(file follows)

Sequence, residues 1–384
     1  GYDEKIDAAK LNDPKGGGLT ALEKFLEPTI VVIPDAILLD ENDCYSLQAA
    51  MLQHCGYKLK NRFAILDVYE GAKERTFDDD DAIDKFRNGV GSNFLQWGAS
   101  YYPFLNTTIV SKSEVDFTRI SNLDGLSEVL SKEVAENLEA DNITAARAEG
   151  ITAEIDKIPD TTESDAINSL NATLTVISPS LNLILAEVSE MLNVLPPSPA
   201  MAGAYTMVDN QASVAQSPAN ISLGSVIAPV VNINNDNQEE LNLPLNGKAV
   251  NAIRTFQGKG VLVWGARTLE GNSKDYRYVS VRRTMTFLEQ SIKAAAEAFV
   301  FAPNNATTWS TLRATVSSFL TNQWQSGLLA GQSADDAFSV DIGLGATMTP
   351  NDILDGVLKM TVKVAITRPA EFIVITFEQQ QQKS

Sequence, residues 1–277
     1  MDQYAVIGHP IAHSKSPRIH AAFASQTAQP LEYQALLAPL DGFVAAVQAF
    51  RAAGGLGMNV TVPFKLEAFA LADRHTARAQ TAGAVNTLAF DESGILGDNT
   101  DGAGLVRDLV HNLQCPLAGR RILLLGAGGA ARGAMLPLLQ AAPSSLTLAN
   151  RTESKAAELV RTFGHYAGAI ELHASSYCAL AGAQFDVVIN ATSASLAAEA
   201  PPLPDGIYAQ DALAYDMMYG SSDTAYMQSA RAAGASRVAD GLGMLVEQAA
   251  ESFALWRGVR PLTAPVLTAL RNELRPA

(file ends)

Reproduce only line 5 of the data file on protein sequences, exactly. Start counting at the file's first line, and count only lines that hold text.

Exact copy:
   151  ITAEIDKIPD TTESDAINSL NATLTVISPS LNLILAEVSE MLNVLPPSPA